Where were we?
It's been nearly three months since I started gardening: or, three months since I started poking about in bits of dirt and blindly flinging seeds about without much idea as to what I was actually doing.
I moved into the apartment in November of last year, and our fifth floor, east-facing, concrete-laden paradise looked like this:
Didn't exactly say "garden" or "potential for lush growth", did it?
Now, writing for two blogs, a small stack of library books, several trips to the nursery store (plants, not babies), a handful of forums, mailing lists, seed catalogues and gardening blogs later, and I've gone from sowing my first seeds (carrots, basil and french marigolds) whilst watching "Standing in the Shadows of Motown", to this:
It hasn't been easy. It still isn't easy. I still don't know exactly what I'm doing, and I'm not entirely sure that carrots should be quite that floppy: Vegetable Viagra, anyone? But I've noticed that I actually look forward to getting out of bed in the morning, which, when you consider that just under a year ago I was on anti-depressants and living in a homeless shelter is a MAJOR achievement.
Coincidentally, I've been reading a wonderful book by Robin Shelton, "Alotted Time: Twelve Months, Two Blokes, One Shed, No Idea" which follows a similar path to me - loss of job, pathway to depression, gardening as salvation. It's also hysterically funny, to whit:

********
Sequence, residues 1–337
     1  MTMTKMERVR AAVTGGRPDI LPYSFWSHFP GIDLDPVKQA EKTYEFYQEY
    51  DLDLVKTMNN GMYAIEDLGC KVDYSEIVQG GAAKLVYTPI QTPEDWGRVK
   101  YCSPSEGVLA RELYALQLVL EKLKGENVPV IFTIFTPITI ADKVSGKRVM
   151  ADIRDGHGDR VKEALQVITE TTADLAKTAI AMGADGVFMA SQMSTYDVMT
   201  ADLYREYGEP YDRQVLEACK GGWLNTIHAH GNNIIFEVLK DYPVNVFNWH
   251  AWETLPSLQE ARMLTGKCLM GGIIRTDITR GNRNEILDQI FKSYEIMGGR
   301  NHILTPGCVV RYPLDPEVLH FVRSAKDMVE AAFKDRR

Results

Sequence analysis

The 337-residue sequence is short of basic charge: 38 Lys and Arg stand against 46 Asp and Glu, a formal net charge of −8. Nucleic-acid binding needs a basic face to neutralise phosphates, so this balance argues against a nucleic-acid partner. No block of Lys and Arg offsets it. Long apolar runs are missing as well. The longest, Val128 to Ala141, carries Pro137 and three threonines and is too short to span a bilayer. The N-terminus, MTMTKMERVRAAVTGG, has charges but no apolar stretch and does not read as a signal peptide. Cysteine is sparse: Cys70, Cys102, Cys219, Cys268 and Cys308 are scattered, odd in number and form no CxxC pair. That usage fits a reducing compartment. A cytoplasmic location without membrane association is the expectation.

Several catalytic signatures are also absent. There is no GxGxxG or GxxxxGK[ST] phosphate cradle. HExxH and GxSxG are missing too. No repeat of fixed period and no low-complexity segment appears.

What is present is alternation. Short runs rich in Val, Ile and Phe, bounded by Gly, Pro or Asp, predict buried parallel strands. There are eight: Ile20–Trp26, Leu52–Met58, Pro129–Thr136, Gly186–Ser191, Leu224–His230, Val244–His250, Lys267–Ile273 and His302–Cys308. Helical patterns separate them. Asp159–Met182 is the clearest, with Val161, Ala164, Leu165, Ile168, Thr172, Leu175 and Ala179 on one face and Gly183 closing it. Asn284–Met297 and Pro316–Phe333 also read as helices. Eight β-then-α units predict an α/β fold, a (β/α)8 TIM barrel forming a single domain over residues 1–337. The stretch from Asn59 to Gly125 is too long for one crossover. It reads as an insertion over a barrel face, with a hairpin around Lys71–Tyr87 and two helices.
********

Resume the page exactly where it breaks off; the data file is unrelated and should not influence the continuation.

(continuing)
For digging to be real digging, you must have asked yourself at least two of the following questions: 1) Why did I start doing this? 2) Will I ever finish doing this? 3) Is it still acceptable to cry through pain in public? Or 4) Will I always walk like this?
I did find myself on the balcony at 1am, with a flashlight in the pouring rain, making sure that the rain was getting to the plants and bending down to smell the earth. I am now officially addicted to gardening.
I've put my name down for an allottment - rarer than hen's teeth and something that you have to leap on when the crack appears in the waiting list - joined the local organic gardening association, volunteered to run a community teaching plot (aka Blind Leading Blind), and applied to the local college to study horticulture.
All in the space of three months.
I'm still making mistakes, but I'm learning from them. And I know what I'll be doing next year when hopefully I'll make slightly fewer mistakes. If I've learned anything, it's that I can definitely grow potatoes.
It's a start that I'm more than happy with.